Android is a mobile phone Operating System officially launched by Google and currently being developed by it. It is an open-source software based on the Linux kernel, and its source code is released by Google as open-source. It was released on September 23, 2008, and the first commercially released phone running Android was the HTC Dream aka T-Mobile G1 (see Ubergizmo’s live blog during that event).
This page lists all the versions of Android and shows you the most important evolutions. Shortcuts:
- Android 7.0 Nougat
- Android 6.0 Marshmallow
- Android 5.x Lollipop
- Android 4.x
- Android 3.x
- Android 2.3 Gingerbread
- Android 2.2 Froyo
- Android 2.0 Eclair
- Android 1.6 Donut
Overview of Android
Android works on many devices, including smartphones, tablets, wearable devices, Android TV, and even cars. Each manufacturer can offer a custom Android version as well, which makes it attractive for them since they can differentiate from one another.
The Android OS we see in our phones is not typically the “stock” (or “pure”) Android OS from Google. Every phone manufacturer can manipulate the original code to create a custom version with both visual and functional changes. However, Google has also partnered with renowned brands like, HTC, Samsung, LG and Motorola, etc. to launch phones with stock Android, known as “Google Nexus”.
Android is known as the most customizable mobile OS even without rooting. Android is designed for touchscreens, so all Android phones are fully or partially touch-based. Using widgets and quick app access icons, it provides all the information right on your phone’s home screen. Furthermore, it also offers great multitasking capability with the ability to navigate between multiple apps at the same time.
Android OS is constantly being developed and new features are added frequently. Apart from basic version updates, Android also gets major update releases that are normally code-named as dessert names, like Cupcake, Donut and KitKat, etc.
Android 7.0 Nougat (May 2016)
- “Nougat” name confirmed on 6/30/2016
- New designs for certain aspects of the UI
- Data-saving features
- Lets users stop apps from using data while running in the background
- Users can also determine which apps can be whitelisted
- Multi-window interaction between apps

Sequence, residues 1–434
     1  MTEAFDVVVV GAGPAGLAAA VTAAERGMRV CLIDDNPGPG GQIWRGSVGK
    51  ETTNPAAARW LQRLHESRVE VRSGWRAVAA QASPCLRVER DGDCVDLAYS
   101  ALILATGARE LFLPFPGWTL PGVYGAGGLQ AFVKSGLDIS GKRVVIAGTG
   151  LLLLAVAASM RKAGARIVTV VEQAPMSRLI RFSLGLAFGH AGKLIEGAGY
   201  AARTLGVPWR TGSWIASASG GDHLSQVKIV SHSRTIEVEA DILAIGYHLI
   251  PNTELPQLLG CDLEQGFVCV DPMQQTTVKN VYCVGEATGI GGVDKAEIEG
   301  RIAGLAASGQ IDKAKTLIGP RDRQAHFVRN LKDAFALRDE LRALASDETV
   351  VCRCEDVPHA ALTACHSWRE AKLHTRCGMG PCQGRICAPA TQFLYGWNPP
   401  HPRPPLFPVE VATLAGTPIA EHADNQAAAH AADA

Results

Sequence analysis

- Apps can be run and displayed next to each other
- Interaction between apps is also possible, such as dragging and dropping text from one app to the other
- User-adjusted display calibration
- Users can adjust the colors of the display on their device themselves, instead of relying on third-party apps
- Night Mode
- Freeform Windows
- Apps can now be moved around and resized freely just like how you would do it on a desktop computer
- Apps can also be moved around to be sitting on top of each other
- Support for pressure-sensitive displays
- Google will be baking in support for pressure-sensitive displays into Android N
- This means OEMs won’t need to create their software for the displays and can just use Android’s version
- Could lead to standardized pressure-sensitive displays for Android devices in the future
- Improved security
- Stagefright was one of the scarier security vulnerabilities of Android last year
- Android N will be updated to get rid of the problem once and for all by further sandboxing aspects of Android to contain the damage should it happen again
- Official developer page for Android N
Android 6.0 Marshmallow (Oct 5 2015)
Android 6.0 (Marshmallow) is largely focused on bug fixes and improving overall performance and usability. Although, there are some upgrades and addition of new features, but they all focus on making Android easier to use.
- Fingerprint Authentication support
- Open lock screen and authenticate payments with fingerprints.
- Deep Sleep mode to save battery
- Apps go to sleep after not touching the phone for a while.
- USB Type-C support
- New USB standard with better data transfer and charging speed.
- MIDI support (support for MIDI devices)
- Android Pay payments through the phone.
- Improvements to Google Now
- visual changes, Google Now on Tap and multiple ways to open apps, etc.
- Permissions Dashboard to manage app permissions
- A separate dashboard to manage which function an app can access and which is restricted.
- Official Android 6.0 Marshmallow page
Android 5.1 Lollipop (Mar 9 2015)
- Multiple SIM cards — Dual SIM support natively.
- Lock protection
- In case the phone gets lost/stolen, you can lock it remotely.
- HD voice calls — Natively supports HD voice calls.
- New quick settings shortcuts — Just tap to enable/disable apps in quick settings.
- Animations — Few new UI and Icon animations added.
- Screen pinning
- Lock the screen on a specific app, so only that app could be accessed.
Android 5.0 Lollipop (Oct 27 2014)
In Android 5.0 (Lollipop), the biggest change from android KitKat was its new Material Design. It offered a completely different look with fast animations and intuitive interface.
- Material Design — New grid-based layout with new animations, transitions and effects like shadows and lightening.
- Battery Historian — An app to track current battery consumption of apps.
- Fixes to video playback and password failure issues.
Android 4.4 KitKat (Oct 31 2013)
Android 4.4 (KitKat) came with many new features, especially for developers.
- Screen Recording — Record Android Screen with the help of the Android SDK.